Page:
Hillary Clinton was secretly recorded at a fundraiser for wealthy donors mocking and condescending to the millennials who backed Bernie Sanders. The recording and transcripts were released by The Intercept, a site financially backed by Pierre Omidyar, and edited by Glenn Greenwald, both left wingers.
But evidently the spectacle if Hillary Clinton telling rich people the youngsters are naïve and free college is impractical, while currently touting free college to them on the campaign trail, is just too much to bear.
Clinton has been inconsistent in the past about espousing political labels. She has at times touted herself as stalwart liberal. For instance, she said last July: “I take a backseat to no one when you look at my record in standing up and fighting for progressive values.” But a few months later, she told a group in Ohio: “You know, I get accused of being kind of moderate and center. I plead guilty.”
The recording, apparently coming from a hacked email, was first released by theFree Beacon, which focused on Hillary opposing an upgrade of our nuclear forces. But, significant though that may be in substance, politically, the mockery of millenials is far more potent. For example:
CLINTON: It is important to recognize what’s going on in this election. Everybody who’s ever been in an election that I’m aware of is quite bewildered because there is a strain of, on the one hand, the kind of populist, nationalist, xenophobic, discriminatory kind of approach that we hear too much of from the Republican candidates. And on the other side, there’s just a deep desire to believe that we can have free college, free healthcare, that what we’ve done hasn’t gone far enough, and that we just need to, you know, go as far as, you know, Scandinavia, whatever that means, and half the people don’t know what that means, but it’s something that they deeply feel. So as a friend of mine said the other day, I am occupying from the center-left to the center-right. And I don’t have much company there. Because it is difficult when you’re running to be president, and you understand how hard the job is — I don’t want to overpromise. I don’t want to tell people things that I know we cannot do.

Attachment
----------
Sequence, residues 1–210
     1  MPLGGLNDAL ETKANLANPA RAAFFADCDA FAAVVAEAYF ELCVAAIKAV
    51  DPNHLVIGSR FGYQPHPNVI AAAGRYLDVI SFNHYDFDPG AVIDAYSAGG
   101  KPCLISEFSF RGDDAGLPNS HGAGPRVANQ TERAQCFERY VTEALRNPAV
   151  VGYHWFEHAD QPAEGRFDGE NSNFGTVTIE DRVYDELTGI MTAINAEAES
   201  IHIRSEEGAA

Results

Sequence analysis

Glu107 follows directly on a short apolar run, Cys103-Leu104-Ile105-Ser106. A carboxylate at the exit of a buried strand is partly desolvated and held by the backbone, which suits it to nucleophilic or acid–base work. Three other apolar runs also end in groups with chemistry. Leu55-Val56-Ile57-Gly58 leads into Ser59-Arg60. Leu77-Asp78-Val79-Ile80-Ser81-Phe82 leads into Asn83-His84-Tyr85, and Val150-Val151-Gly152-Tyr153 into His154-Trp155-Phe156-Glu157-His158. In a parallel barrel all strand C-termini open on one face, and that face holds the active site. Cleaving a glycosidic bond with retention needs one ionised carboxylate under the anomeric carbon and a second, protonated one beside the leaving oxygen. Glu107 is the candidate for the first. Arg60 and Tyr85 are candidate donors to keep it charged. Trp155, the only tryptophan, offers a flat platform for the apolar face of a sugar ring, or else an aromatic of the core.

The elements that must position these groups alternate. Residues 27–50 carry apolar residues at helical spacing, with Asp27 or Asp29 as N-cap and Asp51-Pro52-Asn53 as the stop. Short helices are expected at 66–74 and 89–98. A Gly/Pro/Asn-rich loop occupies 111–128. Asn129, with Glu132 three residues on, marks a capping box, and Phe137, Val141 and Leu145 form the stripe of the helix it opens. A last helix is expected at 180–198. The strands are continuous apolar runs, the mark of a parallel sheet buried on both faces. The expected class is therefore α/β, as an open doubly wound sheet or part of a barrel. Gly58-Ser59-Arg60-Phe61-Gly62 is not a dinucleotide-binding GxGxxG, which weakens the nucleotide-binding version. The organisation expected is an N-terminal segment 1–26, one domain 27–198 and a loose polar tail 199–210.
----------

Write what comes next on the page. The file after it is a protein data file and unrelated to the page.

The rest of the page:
CLINTON: Some are new to politics completely. They’re children of the Great Recession. And they are living in their parents’ basement. They feel they got their education and the jobs that are available to them are not at all what they envisioned for themselves. And they don’t see much of a future. I met with a group of young black millennials today and you know one of the young women said, “You know, none of us feel that we have the job that we should have gotten out of college. And we don’t believe the job market is going to give us much of a chance.” So that is a mindset that is really affecting their politics. And so if you’re feeling like you’re consigned to, you know, being a barista, or you know, some other job that doesn’t pay a lot, and doesn’t have some other ladder of opportunity attached to it, then the idea that maybe, just maybe, you could be part of a political revolution is pretty appealing. So I think we should all be really understanding of that and should try to do the best we can not to be, you know, a wet blanket on idealism. We want people to be idealistic. We want them to set big goals. But to take what we can achieve now and try to present them as bigger goals.